Stadium funds: We're not Indian-givers, says Key

Prime Minister John Key (holding the peak of his hard hat) climbs to the top of the Forsyth Barr...
Prime Minister John Key (holding the peak of his hard hat) climbs to the top of the Forsyth Barr Stadium's south stand during a tour of the site yesterday. Photo by Craig Baxter.
Prime Minister John Key yesterday said the Government was unlikely to ask for its $15 million back if the Forsyth Barr Stadium is not finished in time for the 2011 Rugby World Cup.

Mr Key toured the stadium yesterday morning, and his message to opponents of the project was to look long term.

"In 10 years' time if they go to the people of Dunedin and say they want to rip it up and park it in Invercargill, they will have a riot on their hands."

Mr Key's visit did not attract any stadium protesters, though a group of about 20 International Socialists did greet him with a protest about the emissions trading scheme, and the Government's response to global warming.

The issue of whether the $15 million granted by the Government towards the stadium might have to be given back arose after the Otago Daily Times obtained a copy of the grant's terms and conditions under the Official Information Act in August.

The document included a clause that failure to meet construction targets for the project could result in the Dunedin City Council being given just 20 working days to repay the $15 million grant.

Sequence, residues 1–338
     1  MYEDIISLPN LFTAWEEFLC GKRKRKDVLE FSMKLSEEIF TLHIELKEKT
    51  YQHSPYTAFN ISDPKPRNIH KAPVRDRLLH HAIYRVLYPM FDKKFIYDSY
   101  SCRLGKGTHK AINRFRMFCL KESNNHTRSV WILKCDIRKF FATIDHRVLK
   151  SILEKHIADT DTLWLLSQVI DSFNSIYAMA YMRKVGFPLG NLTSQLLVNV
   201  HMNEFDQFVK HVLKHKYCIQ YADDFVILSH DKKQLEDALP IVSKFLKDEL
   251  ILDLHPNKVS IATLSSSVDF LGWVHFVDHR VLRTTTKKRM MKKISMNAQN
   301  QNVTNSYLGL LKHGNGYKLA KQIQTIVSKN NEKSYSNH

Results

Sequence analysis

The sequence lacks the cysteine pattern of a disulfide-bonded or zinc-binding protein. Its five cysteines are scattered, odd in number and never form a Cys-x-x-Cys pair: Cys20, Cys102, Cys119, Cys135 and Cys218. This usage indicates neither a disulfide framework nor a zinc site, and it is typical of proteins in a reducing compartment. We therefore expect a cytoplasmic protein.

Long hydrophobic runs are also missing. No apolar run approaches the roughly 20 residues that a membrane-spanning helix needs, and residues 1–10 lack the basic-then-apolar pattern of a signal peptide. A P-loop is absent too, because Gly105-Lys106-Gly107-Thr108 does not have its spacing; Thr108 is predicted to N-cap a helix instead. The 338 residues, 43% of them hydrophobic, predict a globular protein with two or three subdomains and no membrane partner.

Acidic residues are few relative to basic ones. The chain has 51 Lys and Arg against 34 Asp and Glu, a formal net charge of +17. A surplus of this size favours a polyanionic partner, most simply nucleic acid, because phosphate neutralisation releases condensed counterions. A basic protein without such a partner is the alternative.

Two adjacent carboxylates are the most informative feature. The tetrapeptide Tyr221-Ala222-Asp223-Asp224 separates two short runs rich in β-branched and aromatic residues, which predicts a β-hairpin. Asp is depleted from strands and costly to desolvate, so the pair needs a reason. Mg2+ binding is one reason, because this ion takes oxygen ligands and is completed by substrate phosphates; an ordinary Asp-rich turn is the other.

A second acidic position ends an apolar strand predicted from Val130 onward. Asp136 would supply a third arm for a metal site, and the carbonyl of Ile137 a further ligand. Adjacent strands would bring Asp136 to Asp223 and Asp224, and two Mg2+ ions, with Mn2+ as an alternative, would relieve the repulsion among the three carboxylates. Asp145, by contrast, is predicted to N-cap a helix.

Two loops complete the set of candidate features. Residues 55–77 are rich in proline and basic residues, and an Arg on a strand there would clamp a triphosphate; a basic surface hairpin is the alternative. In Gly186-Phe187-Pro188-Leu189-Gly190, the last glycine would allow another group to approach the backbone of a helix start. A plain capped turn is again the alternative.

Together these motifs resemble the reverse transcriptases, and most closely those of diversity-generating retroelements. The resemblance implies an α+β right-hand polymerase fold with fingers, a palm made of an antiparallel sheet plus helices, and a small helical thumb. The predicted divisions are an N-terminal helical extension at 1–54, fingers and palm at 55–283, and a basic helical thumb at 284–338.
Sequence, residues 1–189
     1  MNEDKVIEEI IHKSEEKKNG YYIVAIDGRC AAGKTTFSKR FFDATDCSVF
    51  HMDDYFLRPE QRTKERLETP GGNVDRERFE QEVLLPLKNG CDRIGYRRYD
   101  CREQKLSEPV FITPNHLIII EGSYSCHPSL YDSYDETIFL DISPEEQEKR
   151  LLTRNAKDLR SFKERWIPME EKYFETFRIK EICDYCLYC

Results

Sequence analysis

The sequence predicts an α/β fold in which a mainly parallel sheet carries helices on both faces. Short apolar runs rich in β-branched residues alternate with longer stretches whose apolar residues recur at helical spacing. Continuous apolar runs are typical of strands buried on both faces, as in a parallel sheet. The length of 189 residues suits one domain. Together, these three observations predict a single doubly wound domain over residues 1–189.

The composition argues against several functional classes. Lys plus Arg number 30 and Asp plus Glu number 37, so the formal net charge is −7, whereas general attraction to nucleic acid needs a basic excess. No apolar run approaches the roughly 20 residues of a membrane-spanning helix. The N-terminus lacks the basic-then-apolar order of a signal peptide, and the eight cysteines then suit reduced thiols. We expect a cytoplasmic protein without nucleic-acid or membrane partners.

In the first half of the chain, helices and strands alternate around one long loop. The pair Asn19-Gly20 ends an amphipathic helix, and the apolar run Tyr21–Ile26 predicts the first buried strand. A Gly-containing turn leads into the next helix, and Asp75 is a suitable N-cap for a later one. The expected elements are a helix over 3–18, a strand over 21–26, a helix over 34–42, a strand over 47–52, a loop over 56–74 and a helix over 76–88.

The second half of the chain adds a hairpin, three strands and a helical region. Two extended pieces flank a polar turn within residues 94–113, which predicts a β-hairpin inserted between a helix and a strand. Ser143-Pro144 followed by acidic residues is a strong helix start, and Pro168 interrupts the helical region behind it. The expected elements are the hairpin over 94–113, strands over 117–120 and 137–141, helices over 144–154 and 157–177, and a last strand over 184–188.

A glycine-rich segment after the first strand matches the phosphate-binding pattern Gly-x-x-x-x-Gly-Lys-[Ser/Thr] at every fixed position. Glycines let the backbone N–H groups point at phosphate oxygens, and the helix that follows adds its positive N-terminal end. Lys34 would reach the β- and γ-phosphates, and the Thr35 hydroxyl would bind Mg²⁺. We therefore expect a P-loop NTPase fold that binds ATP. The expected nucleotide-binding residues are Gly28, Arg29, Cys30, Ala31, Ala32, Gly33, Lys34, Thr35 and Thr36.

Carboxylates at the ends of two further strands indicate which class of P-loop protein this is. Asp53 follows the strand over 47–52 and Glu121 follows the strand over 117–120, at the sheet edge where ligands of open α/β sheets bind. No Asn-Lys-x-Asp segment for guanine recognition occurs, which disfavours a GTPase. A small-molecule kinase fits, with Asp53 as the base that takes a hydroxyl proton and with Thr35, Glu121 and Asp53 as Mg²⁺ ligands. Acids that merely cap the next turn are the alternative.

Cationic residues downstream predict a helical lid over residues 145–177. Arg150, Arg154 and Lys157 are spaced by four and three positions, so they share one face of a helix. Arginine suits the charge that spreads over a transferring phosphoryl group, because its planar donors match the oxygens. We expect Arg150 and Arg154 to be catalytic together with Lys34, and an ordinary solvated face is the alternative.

When questioned whether the Government might ask for the money back if it was not finished in time, Mr Key said: "I don't think so.

"We're not Indian-givers."

He was effusive in his praise of the construction.

"The stadium is great, isn't it?" he said to waiting media.

With its grant, the Government was "a big supporter" of the project.

Asked what he had to say to opponents of the scheme, he said one of the reasons the Government had invested money was its recognition of the importance of the University of Otago to the city, and the part it played in attracting people.

While there was a cost through rates, that would also be the case if people were not attracted to the city.

The stadium would be "a focal point" for the growth of the university.

Carisbrook Stadium Trust development director Darren Burden said the risk of a cost blow-out with the stadium was becoming "pretty low" as tenders were finalised and the timing of the construction stayed on track.

Mr Burden said work was "all good" to finish in time for the World Cup.


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